Saturday, September 29, 2007

Dissecting the Polls

The overnight polls did not make happy reading for those heading to Blackpool this weekend. Populus showed a 10 point Labour lead, while YouGov, for the second poll in a row, showed an eleven point lead. A few points...

* Labour's lead is gained from LibDem voters who are returning to Labour
* The Conservative vote is consistent at 32-34% but shows no sign of rising
* Parties usually get high ratings after their conferences

But that's the only comfort that can be drawn. The Brown-Cameron comparisons in the YouGov poll do not flatter the Tory leader and this week must be used to narrow that gap. The most interesting point from the YouGov survey was that 58% of people think Labour would win an election now, but might not if Brown delays calling it. That's a crucial finding.

There was positive coverage in the Mail this morning for a £2,000 tax break for families, and a hint that George Osborne will announce plng term plans to abolish inheritance tax. Let's hope there are a few more policies like these, which will appeal to a whole swathe of people in the centre and on the right.

The consensus seems to be that Brown will call an election on October 8th, the first day Parliament returns, with November 1st or November 8th being the two probabilities.

I also understand Gordon Brown has a good stunt planned to impinge on the Tory conference. Now there's a surprise.


Man in a Shed said...

It is of course bad manners to try to upstage another party' conference, as any English man knows.

But then Brown isn't English and clearly his parents didn't teach him proper manners.

pxcentric said...

So the Useless Tories think that the way to combat adverse opinion polls is belatedly to produce a few policies.

Quite brilliant.

There is only one thing left for them to do now: pray that Stalin McSporran bottles it.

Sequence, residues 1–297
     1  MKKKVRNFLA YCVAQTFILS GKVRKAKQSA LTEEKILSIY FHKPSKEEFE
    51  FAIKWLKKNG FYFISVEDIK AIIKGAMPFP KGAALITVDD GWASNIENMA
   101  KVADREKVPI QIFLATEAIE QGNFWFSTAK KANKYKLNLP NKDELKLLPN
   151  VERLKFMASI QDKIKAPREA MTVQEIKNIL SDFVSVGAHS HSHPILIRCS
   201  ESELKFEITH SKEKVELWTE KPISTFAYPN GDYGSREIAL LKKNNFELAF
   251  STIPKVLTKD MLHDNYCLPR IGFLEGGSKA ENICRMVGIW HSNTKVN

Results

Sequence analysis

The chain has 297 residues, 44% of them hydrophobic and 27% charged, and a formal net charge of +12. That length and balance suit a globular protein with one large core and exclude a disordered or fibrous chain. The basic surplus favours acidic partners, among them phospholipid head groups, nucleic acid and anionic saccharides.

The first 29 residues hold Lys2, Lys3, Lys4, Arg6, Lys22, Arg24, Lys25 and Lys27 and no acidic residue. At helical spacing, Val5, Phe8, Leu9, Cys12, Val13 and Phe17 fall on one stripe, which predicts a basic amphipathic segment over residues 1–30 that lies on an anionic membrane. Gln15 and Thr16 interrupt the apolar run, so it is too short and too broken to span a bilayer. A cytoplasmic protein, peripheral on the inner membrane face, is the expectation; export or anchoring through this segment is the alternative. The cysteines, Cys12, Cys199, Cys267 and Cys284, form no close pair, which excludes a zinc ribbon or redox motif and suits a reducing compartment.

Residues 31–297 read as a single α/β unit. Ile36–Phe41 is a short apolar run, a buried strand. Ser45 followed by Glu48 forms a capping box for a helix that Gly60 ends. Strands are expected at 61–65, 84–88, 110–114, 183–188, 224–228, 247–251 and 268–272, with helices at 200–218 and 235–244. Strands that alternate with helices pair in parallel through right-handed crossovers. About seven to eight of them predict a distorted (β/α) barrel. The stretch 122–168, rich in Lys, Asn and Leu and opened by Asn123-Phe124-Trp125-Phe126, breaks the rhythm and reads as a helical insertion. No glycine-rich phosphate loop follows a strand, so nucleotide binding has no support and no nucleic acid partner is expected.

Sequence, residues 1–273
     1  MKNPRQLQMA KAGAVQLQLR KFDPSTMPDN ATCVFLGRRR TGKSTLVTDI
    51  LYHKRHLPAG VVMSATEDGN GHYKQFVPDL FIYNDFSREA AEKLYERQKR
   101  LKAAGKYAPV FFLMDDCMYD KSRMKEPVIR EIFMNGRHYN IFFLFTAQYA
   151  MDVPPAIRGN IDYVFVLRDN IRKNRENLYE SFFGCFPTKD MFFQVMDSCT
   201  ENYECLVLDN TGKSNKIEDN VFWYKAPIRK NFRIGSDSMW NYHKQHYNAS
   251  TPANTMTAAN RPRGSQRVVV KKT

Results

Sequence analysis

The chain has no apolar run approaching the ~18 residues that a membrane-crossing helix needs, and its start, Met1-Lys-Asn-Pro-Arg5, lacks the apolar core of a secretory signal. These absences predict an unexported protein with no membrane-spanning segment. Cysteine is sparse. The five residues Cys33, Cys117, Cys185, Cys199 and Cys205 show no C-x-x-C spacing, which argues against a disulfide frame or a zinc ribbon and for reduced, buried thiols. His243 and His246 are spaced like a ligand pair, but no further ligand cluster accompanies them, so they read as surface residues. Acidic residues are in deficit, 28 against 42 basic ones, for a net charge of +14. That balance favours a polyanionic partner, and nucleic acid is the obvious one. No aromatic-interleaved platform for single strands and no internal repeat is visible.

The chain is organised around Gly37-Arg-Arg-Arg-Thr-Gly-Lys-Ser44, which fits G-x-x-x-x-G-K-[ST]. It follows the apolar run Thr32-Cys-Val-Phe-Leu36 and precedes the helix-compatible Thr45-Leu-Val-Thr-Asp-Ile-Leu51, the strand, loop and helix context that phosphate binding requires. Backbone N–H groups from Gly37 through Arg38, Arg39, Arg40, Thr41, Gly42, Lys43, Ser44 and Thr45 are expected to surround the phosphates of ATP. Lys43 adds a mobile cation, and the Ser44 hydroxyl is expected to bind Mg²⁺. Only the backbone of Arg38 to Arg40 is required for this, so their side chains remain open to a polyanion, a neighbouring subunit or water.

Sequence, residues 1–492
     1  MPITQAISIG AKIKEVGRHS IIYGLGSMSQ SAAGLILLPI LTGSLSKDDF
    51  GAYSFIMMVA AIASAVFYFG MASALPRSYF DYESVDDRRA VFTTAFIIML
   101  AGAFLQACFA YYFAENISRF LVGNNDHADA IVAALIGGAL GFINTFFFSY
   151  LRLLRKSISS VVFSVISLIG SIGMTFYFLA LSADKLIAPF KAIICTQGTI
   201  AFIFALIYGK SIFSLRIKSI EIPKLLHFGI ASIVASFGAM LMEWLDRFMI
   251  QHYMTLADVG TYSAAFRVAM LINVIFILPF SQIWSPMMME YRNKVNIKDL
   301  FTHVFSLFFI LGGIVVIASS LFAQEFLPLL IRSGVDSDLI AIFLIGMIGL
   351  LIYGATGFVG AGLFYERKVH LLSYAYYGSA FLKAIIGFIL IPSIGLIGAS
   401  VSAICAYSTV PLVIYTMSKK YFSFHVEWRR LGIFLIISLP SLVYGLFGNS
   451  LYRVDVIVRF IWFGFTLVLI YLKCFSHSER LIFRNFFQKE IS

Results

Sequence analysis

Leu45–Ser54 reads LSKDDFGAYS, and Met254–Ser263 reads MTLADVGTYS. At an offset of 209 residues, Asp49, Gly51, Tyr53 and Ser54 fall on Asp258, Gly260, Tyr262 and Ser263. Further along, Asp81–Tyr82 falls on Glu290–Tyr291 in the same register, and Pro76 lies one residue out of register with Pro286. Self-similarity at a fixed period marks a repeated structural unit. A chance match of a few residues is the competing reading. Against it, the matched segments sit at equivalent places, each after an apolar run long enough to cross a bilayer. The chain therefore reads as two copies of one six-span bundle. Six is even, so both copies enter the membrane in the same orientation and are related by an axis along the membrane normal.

Praguetory said...

Long term plans? In 1997, I think Labour had long term plans to link pensions to earnings and abolish the non-dom tax loophole.

Tax pledge number one ought to be to take minimum wage earners out of paying income tax to be implemented at our first budget.

Ted said...

If Brown plans a stunt then why doesn't one of the Shadow Cabinet make a big thing about it now?

"Brown's all spin, playing games with the voters, understand he's planning some stunts this weekend and next week. He says he's a serious politician but for three months all we have had is political games. We aren't playing, we think the choice of government of Britain is serious"

boanerges said...

I agree that some sort of stunt is in the offing. Why not pre empt the possibility by telling all and sundry that the party is expecting a cheap, opportunistic gimmick.
If he does come up with something the party can say it was expecting it and it proves Brown is more into spin than substance than even that other guy, what's his name, Blair. Of course, if nothing turns up the line is that he bottled it.
As they say 'attack is the best form of defence'

Anonymous said...

You might want to have a word in David Camerons Ear. The married couple or (otherwise couplet) with three children is discriminated against.
You cannot go on holiday without booking two rooms in a hotel - the stupid 4 in a room rule stops that - why not Mum Dad and the three little ones under 12 in a hotel family room. In this case the Madeleine situation may not have happened if they had been in bed in a hotel rather than apartments.
Taxis with more than five seats are few and we cannot travel in a four seat taxi.
Monitoring in swimming pools and leisure activities are moving to
one to one.
Three kids on child seats in the back of a car is sheer torture.
I can go on and on because of current legislation---
Do have a word!

The Daily Pundit said...

A good stunt? What about a major terrorist plot being foiled on Wednesday morning? Mind you, I doubt even Labour would stoop .....

Anonymous said...

Whilst we're mentionineg the Daily Mail. - Peter Oborne in to-day's edition had the right's of it.

If the Conservatives don't reduce or contain Gordon's Parliamentary Majority(no chance of actually winning I'm afraid) then Cameron is gone(So is Osborne) and those that think a leader from the right such as David Davis can then rescue the party are quite frankly deluded. The Conservative Party would be finished as a credible opposition.